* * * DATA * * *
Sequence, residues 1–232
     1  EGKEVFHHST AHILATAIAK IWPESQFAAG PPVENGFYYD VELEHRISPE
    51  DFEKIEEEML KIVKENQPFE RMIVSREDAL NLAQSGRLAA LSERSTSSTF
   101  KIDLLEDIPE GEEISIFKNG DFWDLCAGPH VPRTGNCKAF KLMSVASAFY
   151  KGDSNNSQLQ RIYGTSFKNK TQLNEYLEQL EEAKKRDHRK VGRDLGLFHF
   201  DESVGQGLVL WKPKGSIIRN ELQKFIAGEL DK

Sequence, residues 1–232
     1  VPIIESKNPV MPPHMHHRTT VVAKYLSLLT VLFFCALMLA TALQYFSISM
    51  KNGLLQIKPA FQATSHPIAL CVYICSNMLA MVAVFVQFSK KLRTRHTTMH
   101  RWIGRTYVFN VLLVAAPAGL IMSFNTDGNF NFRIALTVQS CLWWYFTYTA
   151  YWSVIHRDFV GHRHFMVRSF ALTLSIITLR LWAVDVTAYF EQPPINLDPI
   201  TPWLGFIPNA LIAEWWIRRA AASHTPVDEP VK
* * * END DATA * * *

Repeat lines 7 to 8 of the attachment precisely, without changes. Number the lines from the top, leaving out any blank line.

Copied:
Sequence, residues 1–232
     1  VPIIESKNPV MPPHMHHRTT VVAKYLSLLT VLFFCALMLA TALQYFSISM